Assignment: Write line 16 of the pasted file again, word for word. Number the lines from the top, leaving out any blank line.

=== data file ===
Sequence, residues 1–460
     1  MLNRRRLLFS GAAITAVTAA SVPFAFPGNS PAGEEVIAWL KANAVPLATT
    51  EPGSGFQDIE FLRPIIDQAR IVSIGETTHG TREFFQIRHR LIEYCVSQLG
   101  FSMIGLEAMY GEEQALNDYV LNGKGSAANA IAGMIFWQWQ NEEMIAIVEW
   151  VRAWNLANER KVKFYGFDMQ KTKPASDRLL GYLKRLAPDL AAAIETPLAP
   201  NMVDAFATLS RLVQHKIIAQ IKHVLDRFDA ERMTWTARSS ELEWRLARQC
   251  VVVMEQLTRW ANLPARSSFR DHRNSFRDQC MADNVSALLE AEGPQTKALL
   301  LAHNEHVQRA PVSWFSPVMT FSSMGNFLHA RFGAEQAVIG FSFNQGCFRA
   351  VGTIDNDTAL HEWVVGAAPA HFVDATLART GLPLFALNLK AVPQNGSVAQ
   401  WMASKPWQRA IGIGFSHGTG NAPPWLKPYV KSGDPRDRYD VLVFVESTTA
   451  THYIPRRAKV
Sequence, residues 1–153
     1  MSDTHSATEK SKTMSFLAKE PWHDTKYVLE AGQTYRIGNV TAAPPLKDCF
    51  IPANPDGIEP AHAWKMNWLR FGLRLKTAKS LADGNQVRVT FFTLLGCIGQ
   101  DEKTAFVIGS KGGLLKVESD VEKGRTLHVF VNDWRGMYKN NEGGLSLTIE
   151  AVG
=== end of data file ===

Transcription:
   151  AVG